Doctor insights on:
Stenotrophomonas Maltophilia Pneumonia
How long should it take for Levoflaxin to kick in for Serratia marcescens and Stenotrophomonas maltophilia In the sinuses? I've been taking it 4 days.
5 days.: Sinus infections are tough to treat because the blood supply to the sinuses is poor (the arteries are small). It may take 5 days of antibiotics before you start to see some change in the color of the mucus. If no change at all, call your doc If you are only 50% better by the time you finish the antibiotic, it means it's working, but you need a second course to kill all the rest of the germs. ...Read more
Why did a sinus culture test positive for Stenotrophomonas maltophilia and Serratia marcescens but no white cells?
Commensals: Without white cells on a smear, very likely these are harmless microbes that just happened to be living there. ...Read more
Could plaquenil (hydroxychloroquine) for UCTD make me susceptible to Serratia marcescens and Stenotrophomonas maltophilia in two sinus cultures?
Maybe but less likel: Plaquenil (hydroxychloroquine) is an immunomodulator and can certainly increase the chance for certain infections. I don't think it is a very significant amount of increase though. On the other hand, Stenotrophomonas tend to be seen in individuals that have had recurrent exposure to different antibiotics. I would guess you might have had recurrent sinusitis (or other infections) where you were treated with abx. ...Read more
How could we tell?: This is the public information HT site. You get the most from the site when you provide background information on a problem and ask a specific question based on that information. Without symptoms and other description of your problem, we have no basis for any conclusions. You are welcome to start over. Your posts are never linked & go to the site at random. ...Read more
Pneumonia is an infection of the lungs causes by bacteria or virus.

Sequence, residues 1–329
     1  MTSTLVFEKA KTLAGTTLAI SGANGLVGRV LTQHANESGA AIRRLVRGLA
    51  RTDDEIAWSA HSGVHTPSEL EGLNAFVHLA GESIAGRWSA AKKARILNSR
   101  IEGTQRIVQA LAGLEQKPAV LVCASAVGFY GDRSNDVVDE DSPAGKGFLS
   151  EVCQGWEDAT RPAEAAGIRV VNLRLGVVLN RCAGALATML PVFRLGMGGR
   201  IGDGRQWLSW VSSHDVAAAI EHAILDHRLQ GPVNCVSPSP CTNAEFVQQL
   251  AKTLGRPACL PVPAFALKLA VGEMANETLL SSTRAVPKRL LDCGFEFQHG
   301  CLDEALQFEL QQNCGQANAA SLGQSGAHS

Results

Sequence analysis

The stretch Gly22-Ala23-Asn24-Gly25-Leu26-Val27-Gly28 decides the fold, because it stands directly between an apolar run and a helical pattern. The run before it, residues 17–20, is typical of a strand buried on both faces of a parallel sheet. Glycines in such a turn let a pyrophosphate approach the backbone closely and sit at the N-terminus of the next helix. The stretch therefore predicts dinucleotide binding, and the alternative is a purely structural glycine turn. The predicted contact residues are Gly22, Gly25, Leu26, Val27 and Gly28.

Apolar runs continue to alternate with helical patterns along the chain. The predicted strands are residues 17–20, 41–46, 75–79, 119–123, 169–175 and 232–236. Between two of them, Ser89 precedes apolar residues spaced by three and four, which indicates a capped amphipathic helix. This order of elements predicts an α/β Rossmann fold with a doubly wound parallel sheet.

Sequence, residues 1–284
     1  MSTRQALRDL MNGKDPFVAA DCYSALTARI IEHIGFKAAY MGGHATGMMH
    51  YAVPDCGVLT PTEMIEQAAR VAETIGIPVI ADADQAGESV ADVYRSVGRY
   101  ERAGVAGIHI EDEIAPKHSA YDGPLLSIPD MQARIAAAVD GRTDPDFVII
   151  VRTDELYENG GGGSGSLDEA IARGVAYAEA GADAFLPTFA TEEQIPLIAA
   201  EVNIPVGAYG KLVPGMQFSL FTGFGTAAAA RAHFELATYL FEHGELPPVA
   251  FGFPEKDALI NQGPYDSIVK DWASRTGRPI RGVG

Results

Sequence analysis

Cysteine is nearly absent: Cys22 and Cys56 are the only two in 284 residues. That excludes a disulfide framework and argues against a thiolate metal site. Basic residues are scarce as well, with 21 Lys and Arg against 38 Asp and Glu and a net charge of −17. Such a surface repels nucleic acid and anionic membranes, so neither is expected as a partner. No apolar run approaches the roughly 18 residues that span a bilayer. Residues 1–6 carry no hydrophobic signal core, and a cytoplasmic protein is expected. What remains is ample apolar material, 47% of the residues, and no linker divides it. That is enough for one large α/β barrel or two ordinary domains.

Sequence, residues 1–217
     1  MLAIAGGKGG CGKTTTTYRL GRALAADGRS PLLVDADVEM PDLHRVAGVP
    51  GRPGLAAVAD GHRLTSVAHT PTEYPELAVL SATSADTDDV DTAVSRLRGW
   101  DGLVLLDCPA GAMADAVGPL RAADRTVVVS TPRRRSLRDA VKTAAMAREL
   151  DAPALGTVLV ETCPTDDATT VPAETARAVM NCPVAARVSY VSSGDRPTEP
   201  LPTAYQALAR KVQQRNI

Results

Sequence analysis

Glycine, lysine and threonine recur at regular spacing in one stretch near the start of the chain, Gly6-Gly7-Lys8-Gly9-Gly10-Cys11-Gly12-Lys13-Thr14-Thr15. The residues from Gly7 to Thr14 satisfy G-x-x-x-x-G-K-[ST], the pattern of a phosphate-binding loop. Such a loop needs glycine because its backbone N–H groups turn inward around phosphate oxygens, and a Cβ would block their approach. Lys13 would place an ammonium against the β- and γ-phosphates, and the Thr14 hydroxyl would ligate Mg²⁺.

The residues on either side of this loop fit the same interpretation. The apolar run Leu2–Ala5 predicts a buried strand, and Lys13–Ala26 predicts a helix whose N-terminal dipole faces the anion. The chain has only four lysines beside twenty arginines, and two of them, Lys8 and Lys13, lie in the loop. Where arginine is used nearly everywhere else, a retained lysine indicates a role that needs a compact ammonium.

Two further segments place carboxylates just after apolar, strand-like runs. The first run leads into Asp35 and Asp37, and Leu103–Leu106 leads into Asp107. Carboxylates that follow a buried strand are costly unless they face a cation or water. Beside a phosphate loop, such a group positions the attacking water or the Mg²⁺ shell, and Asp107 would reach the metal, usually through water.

Bacterial pneumonia is more common in community and needs antibiotics. The prognosis depends on various factors like, immunity, age, severity of pneumonia, associated medical conditions like other lung disease, smoking, diabetes etc. The patient will need to see a doctor for exam, investigation and treatment. ...Read more
No such medical cond: Your doctor maay be trying to simplify for you to understand that you might develop pneumonia, which can happen if you have bronchitis following sore throat and upper respiratory virus infections which are very common. Sometimes a pneumonia will follow after such infections. ...Read more
Sometimes: Sometimes pneumonia is a simple viral process that self heals. It can also be an aggressive bacteria that invades the body starting with the lungs and can kill within days if not discovered and treated. Jim Henson, the puppet master that created the MUPPETS did not get treated for his pneumonia until it was too late, and died because of it. ...Read more
Pneumonia can be: Diagnosed on many occasions simply via a thorough history, and physical examination. You can hear rales on examination of the lungs. On laboratory examinations the white count is often elevated. If there is a question the doctor may also order a chest xray. ...Read more
Pneumonia: Need more information. If you are having fever, cough with sputum production, chest pain, shortness of breath, chills, etc., you may be getting pneumonia, but this needs careful evaluation by a clinician. If you suspect you may have pneumonia you should be seen by a doctor asap. ...Read more
Respiratory droplets: Pneumonia is spread from person to person via respiratory droplets released when a person coughs, sneezes, laughs, or talks. The bacteria can live in a person's throat without causing symptoms, so you can even get it from a person who doesn't look sick. Avoid the spread of germs by washing your hands regularly, covering your mouth when you sneeze or cough, and being cautious around sick people. ...Read more